“One of the more active players in the modern field of dreams is Robert Moss. He has been an exemplary explorer of dreamworlds and a prolific sharer of his discoveries. He dives into his dreams and accepts the invitations into other realities which they provide him. He is not so much an interpreter of dreams as an explorer; he talks less about what dreams mean and more about the dimensions of consciousness they reveal. In Dreamways of the Iroquois: Honoring the Secret Wishes of the Soul (Destiny Books), he tells us the story of his spiritual initiation by the spirits of Native Americans that occurred in his dreams, and his synchronistic daytime interaction with indigenous dreamkeepers. He shares what he has learned from these dream encounters about the soul’s journey in consciousness, a story similar to Edgar Cayce’s “mythistory” (to use one of Moss’s terms) of the soul’s creation by, separation from, and reunion with the Creator. It would be fair to say that to Moss, the important thing about dreamwork is for us to use it to remember our true spiritual nature as soul. I’ve adopted a similar idea in an attempt to summarize Cayce’s view: the purpose of dreaming is for us to empathize with our soul, the treasure within. Ideally, dreamwork would make soul awareness, which is usually dormant except while we sleep, more a part of our waking consciousness. Moss repeatedly admonishes us that a dream is a call to action. We need to act upon the dream to honor the soul that brought it to our awareness. One of the actions he values most is to sing the dream! Imagine doing that. Attempting to sing a dream, as I can attest, does put one in touch with the dream’s mood, the shadow of soul. Singing creates a spell in which the enchantment of soul expressed in that dream can be experienced. It is more an experience of energy than insight. Being in touch with soul energy may seem impractical, but with experience, one comes to realize how important it is to be able to approach the world with a non-material consciousness. Dreams are essential to bring a sense of intuitive, timeless being into a co-creative relationship with the unfolding experiences of one’s lifetime. The alternative, as in Moss’s horrific dream, of a modern man amnesic for soul leading a lifeless, mechanical existence, is completely impractical. Creating from the impulses of soulwhether it be an artistic or inventive work, an attempt to refashion a relationship, or a new way of honoring the awareness of Spiritis the evolving style of today’s active dreamwork.”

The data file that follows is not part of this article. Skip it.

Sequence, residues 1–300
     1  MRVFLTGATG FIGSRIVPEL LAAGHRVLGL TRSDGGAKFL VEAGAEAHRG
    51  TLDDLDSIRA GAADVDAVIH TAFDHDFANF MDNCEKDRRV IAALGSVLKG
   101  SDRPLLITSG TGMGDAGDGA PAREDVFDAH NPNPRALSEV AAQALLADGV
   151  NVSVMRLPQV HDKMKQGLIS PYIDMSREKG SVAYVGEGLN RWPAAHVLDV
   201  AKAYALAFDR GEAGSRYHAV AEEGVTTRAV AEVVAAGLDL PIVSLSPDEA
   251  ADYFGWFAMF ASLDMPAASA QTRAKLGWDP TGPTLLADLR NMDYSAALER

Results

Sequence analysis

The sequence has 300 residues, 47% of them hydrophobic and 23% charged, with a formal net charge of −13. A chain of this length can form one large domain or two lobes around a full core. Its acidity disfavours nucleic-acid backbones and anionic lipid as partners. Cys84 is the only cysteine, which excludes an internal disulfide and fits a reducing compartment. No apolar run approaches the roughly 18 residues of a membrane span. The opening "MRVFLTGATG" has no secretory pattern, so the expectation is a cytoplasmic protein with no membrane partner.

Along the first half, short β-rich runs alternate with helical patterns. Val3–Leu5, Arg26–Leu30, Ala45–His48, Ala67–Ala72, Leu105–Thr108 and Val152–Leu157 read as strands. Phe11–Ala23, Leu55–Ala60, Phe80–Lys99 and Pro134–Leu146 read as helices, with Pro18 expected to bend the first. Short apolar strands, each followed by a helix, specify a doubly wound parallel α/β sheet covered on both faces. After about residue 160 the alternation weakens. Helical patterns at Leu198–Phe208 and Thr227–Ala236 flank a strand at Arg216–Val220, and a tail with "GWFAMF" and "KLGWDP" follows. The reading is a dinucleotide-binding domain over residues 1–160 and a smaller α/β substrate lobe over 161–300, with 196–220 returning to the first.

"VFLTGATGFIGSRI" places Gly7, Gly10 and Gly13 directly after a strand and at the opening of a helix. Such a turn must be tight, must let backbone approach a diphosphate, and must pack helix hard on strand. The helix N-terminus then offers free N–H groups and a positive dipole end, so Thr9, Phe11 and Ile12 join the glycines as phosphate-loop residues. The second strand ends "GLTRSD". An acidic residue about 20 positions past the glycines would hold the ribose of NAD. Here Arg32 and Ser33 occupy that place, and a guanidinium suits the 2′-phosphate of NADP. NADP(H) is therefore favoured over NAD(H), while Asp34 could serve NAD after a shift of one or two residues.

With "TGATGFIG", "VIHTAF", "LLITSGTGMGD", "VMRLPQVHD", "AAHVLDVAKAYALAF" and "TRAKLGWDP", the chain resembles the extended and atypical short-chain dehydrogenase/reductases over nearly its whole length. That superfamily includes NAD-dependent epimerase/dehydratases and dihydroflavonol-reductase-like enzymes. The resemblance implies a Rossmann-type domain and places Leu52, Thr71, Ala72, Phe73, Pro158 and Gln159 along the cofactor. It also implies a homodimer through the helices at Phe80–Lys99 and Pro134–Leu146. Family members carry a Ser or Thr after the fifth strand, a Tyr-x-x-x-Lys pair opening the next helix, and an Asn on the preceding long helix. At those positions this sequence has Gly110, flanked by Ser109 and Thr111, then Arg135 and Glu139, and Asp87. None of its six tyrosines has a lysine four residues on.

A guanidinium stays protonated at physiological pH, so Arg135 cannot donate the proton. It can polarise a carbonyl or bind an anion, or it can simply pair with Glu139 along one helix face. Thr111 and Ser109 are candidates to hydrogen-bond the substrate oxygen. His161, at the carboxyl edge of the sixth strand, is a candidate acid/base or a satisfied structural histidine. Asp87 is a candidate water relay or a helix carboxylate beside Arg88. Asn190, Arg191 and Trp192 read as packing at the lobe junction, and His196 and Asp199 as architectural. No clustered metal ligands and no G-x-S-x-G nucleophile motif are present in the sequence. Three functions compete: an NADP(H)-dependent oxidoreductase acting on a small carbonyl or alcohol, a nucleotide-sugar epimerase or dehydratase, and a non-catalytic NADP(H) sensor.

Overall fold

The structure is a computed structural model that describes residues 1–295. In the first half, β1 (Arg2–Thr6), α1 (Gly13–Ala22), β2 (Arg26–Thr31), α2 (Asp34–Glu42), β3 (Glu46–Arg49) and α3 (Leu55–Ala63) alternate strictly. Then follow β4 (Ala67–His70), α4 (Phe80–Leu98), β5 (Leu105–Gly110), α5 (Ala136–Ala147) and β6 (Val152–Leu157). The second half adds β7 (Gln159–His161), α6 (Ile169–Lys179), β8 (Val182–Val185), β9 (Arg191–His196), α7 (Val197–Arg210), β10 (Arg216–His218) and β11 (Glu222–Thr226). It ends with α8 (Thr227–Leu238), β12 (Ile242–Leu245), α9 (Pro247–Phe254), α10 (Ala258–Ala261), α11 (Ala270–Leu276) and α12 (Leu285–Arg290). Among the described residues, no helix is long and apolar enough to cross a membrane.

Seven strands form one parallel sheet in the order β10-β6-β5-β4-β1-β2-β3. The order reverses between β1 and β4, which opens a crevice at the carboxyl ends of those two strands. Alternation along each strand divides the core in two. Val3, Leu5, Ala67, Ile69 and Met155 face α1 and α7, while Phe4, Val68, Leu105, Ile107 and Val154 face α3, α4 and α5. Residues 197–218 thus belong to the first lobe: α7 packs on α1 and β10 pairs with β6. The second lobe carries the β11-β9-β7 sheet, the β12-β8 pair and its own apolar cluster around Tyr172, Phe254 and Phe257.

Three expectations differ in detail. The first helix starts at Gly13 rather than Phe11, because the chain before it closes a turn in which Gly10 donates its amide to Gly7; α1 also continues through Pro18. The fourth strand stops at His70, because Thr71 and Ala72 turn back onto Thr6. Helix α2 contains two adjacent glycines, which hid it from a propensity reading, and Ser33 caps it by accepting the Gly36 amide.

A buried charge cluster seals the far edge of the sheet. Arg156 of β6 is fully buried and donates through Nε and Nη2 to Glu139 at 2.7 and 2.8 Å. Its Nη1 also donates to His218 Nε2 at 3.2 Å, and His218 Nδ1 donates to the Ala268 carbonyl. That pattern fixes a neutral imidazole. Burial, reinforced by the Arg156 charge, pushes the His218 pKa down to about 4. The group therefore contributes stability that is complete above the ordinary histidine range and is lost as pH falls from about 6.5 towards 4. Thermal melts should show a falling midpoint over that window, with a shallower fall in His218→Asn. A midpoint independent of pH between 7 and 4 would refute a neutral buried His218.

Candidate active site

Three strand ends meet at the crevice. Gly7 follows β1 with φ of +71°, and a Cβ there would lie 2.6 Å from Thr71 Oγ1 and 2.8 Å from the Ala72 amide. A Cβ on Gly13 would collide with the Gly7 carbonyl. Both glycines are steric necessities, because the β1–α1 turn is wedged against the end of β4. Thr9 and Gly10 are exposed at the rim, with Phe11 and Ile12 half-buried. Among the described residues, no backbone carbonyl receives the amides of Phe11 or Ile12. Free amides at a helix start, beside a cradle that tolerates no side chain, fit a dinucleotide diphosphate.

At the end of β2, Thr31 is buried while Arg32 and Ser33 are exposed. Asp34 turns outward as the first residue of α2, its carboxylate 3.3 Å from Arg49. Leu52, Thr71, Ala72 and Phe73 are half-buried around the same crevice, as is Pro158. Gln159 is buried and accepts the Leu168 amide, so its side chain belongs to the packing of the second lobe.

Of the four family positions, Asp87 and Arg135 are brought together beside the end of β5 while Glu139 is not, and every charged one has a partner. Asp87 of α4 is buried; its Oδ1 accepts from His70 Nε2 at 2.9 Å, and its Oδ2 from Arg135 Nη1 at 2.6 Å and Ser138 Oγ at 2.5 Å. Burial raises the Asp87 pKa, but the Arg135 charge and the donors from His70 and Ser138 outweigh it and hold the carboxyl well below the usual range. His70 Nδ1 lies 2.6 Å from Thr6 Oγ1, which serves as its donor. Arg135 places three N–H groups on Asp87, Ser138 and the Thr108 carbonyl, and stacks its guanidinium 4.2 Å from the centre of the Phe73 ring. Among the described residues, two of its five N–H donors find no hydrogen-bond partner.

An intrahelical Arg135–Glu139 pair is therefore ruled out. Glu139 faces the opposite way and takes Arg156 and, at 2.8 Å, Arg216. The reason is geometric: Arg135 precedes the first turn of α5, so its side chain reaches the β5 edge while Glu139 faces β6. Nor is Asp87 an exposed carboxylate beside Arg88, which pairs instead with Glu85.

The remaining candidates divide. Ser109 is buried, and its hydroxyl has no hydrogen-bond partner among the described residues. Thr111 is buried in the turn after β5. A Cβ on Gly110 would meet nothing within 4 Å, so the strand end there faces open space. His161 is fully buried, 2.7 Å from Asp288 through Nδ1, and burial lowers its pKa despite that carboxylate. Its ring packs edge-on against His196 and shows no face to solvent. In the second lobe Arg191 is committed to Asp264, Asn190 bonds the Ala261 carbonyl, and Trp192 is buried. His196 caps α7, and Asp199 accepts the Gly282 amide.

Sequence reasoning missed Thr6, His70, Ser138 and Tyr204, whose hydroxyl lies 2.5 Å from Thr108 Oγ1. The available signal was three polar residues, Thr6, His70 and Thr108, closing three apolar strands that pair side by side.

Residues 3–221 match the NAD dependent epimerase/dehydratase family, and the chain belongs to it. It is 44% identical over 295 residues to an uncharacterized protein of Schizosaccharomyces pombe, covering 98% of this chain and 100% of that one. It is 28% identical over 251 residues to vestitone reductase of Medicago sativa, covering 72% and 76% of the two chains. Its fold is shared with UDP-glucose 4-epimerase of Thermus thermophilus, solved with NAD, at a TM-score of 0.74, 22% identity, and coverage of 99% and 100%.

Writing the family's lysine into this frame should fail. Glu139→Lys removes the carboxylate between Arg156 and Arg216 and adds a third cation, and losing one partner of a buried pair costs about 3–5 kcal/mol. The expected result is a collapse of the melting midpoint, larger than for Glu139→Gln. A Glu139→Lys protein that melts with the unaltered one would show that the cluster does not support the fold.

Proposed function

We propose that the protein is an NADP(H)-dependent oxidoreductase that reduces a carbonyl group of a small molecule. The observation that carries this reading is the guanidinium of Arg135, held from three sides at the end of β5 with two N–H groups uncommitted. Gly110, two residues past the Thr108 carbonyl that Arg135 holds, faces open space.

"Dreamways of the Iroquois is at once a spiritual odyssey, ...a guide to healing our lives through dreamwork,...and an invitation to soul recovery."
"...reveals the connections between dreams, spirit, wishes, and healing."
"...an insightful discussion of how dreams can be used to reclaim the vital energy of the soul itself."
“Robert Moss opens ancient and modern pathways into the realms of the soul, giving us insights into our deep humanity and into our American heritage. As a spiritual teacher he is world class.”
“Reveals the sacred art of dreaming that belongs to all of us, showing us how to navigate the web of dreams for the good of the world soul.”
“Robert Moss offers us powerful and much needed medicine for our time, combining well-researched and fascinating Iroquois legends and history, the wisdom of his ancient and contemporary guides, and his own truths and teachings to inspire us to once again walk the path of soul and spirit, remembering and honoring our dreams. Highly recommended!”
“Moss’s book reminds us of the spiritual magic awaiting each of us tonight when we cross the dreamgate to personal discovery. On the wings of his shamanic adventure, we follow Red-tailed Hawk, Dancing Bear, Silver Wolf, Wounded Stag, and his other guides to encounter the Ancient Mother who teaches him, and us, the ‘way of the heart.’ His practical tools help today’s readers reclaim these ancient Dreamways for our own paths to healing and soul remembering.”
“In this remarkable book Robert Moss participates in Native American cultural knowledge directlyvia his own dreams. His experiences delving into the Iroquois spiritual world along with his use of fascinating historical materials combine to make a rich literary feast. Dreamways of the Iroquois suggests that we profoundly coexist with those who live, or have lived, in our landscapes. It also offers valuable dreamwork techniques for understanding ourselves.”
"Dreamways of the Iroquois is filled with wonderful stories of dreamers who are time travelers and shapeshifters in their sleeping dreams and waking visions."